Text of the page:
Organic mulches like wood chips naturally decompose. To maintain their weed-suppressing powers, expect to add more mulch once or twice a year.
Where Can You Get Free or Low Cost Mulch?
Don’t want to buy mulch by the bag? Check out these free or cheap mulch sources:
- Council green waste sites often have free mulch made from shredded street trees
- Tree lopping services will sometimes deliver free mulch after big jobs
- Local arborists may offer cheap mulch from their tree pruning
- Farms may sell inexpensive straw bales after harvesting hay or silage crops
- Chipper days turn residents’ gathered green waste into community mulch
Ask first about the source of the mulch. Avoid street tree mulch contaminated by car pollution or dog urine.
Choosing the Best Mulch for Your Native Garden
To summarize, here are some top mulch options for gardens:
- Aged, shredded wood chip mulch from tree prunings
- Composted pine bark mulch for weed suppression
- Leaf mulch like eucalyptus leaves to mimic bush environments
- Pea straw mulch used lightly to avoid excessive nitrogen
- Gravel or pebbles sparingly between plants
Aim for chunky, coarse-textured mulches over fine options which can compact. Test different mulches in sections of your garden to see what works best. Proper mulching technique is vital – apply an adequate layer, maintain distance from plant stems, and refresh regularly.
With the right mulch, you can help your native plants flourish while reducing garden maintenance. Explore mulch choices for your patch of Australian bushland today!
Q: What is the best mulch for native plants?
A: The best mulch for native plants can vary depending on the specific types of plants and location. A common favourite among gardeners in Australia, specifically in New South Wales, is the arborist wood chips or eucalyptus mulch. This type of mulch provides numerous benefits such as moisture penetration and insulation which can positively impact the health of your plants.
Q: What are the different types of mulch that I can use?
A: There are many different types of mulch that a gardener can use such as lucerne, mulch made from woodchip, or even natural options like pea straw. Each type of mulching material has its own benefits and drawbacks so it’s important to choose a mulch that’s best suited to your plants.
Q: Can the wrong colour mulch negatively impact my plants?
A: Yes, the colour of the mulch may have an impact on your plants. Darker mulches such as black plastic or landscape fabrics can absorb heat and may negatively impact your plants by overheating them. Conversely, lighter colored mulch like arborist wood chips can add a natural look and feel to your garden while also reflecting heat away from your plants.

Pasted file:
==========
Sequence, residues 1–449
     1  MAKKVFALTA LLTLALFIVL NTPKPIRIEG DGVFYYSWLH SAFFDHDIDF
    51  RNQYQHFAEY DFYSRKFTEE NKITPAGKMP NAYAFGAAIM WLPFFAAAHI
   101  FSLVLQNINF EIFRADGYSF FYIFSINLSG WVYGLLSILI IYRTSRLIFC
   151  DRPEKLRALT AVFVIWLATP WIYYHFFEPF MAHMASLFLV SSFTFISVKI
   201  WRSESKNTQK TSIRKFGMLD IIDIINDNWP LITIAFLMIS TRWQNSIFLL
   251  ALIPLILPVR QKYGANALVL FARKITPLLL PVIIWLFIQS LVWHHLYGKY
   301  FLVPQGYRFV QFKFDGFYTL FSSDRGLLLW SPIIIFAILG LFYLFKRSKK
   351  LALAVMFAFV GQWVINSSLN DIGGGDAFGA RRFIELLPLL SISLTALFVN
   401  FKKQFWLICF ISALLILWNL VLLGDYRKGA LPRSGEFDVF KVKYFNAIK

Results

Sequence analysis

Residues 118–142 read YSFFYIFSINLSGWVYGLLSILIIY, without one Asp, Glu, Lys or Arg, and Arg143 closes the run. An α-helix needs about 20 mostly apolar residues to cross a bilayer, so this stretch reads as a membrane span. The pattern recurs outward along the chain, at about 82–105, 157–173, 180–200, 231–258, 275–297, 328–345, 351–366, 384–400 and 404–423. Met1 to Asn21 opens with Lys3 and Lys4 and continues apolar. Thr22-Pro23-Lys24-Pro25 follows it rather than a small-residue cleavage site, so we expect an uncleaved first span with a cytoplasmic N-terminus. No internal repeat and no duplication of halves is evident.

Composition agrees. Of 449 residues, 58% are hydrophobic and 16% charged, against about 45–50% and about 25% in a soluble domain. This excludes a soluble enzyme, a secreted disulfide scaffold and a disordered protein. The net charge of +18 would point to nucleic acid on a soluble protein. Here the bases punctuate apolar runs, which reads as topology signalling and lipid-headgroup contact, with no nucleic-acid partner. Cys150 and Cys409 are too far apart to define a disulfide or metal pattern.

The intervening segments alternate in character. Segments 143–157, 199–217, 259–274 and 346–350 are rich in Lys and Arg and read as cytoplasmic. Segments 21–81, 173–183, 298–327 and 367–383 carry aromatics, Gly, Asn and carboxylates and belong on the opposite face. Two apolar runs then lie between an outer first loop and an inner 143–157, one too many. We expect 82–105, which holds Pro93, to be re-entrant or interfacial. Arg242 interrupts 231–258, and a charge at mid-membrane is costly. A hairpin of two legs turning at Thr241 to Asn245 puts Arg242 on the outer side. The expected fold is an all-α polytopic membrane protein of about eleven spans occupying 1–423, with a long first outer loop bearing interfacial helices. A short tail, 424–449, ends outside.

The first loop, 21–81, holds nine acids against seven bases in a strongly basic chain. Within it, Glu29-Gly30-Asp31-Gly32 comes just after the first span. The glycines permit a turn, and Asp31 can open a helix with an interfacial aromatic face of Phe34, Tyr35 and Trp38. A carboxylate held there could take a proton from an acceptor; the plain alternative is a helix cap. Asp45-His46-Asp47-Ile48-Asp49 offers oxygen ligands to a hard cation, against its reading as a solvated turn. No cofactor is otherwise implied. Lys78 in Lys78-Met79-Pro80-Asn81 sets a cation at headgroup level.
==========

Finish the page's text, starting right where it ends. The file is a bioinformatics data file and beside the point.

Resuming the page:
Q: How does mulch stop weeds?
A: Mulch stops weeds by acting as a blanket that covers your soil. This action essentially blocks sunlight from reaching weed seeds which can prevent them from germinating. Using a thick layer of mulch should be applied can be an efficient and organic way to stop weeds from growing.
Q: Is there a specific mulch to use as a termite repellent?
A: Yes, some types of mulch can act as a termite repellent. For instance, eucalyptus mulch has a natural termite repellent property that can deter these pests. However, always consult with a professional landscaper or arborist for the best solution for your termite problem.
Q: Can mulching material also act as a fertiliser?
A: Absolutely! Mulch like lucerne or humus can slowly break down, releasing nutrients into your soil and acting as a slow-release fertiliser. This not only helps in the growth and health of your plants but can also improve your soil over time.
Q: How does mulch help with bushfire resistance?
A: Mulch is a great way to help insulate your soil and retain moisture, which can be beneficial in areas prone to bushfires. Rainfall is absorbed by the mulch instead of evaporating, increasing soil moisture and making it more resistant to bushfire. However, not all mulches are equally effective. Eucalyptus mulch, for example, is less recommendable due to its flammability.
Q: Can using mulch encourage the growth of harmful micro-organisms?
A: Although mulch can provide a good environment for micro-organisms, the majority of these are beneficial to the health of your plants and soil. However, if you notice any mold growth or an unusual smell, it can be a sign that the mulch may be harbouring harmful micro-organisms, and should be removed or treated accordingly.